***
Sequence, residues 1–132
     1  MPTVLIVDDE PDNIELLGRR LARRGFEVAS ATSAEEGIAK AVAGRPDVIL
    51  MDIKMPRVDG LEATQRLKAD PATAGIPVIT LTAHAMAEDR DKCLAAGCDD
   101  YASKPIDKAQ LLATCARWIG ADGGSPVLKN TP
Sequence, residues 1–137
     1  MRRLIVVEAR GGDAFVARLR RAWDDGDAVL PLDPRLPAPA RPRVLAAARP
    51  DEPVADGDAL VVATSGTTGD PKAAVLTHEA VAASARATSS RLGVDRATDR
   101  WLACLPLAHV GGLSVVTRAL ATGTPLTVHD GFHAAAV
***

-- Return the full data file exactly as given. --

Sequence, residues 1–132
     1  MPTVLIVDDE PDNIELLGRR LARRGFEVAS ATSAEEGIAK AVAGRPDVIL
    51  MDIKMPRVDG LEATQRLKAD PATAGIPVIT LTAHAMAEDR DKCLAAGCDD
   101  YASKPIDKAQ LLATCARWIG ADGGSPVLKN TP
Sequence, residues 1–137
     1  MRRLIVVEAR GGDAFVARLR RAWDDGDAVL PLDPRLPAPA RPRVLAAARP
    51  DEPVADGDAL VVATSGTTGD PKAAVLTHEA VAASARATSS RLGVDRATDR
   101  WLACLPLAHV GGLSVVTRAL ATGTPLTVHD GFHAAAV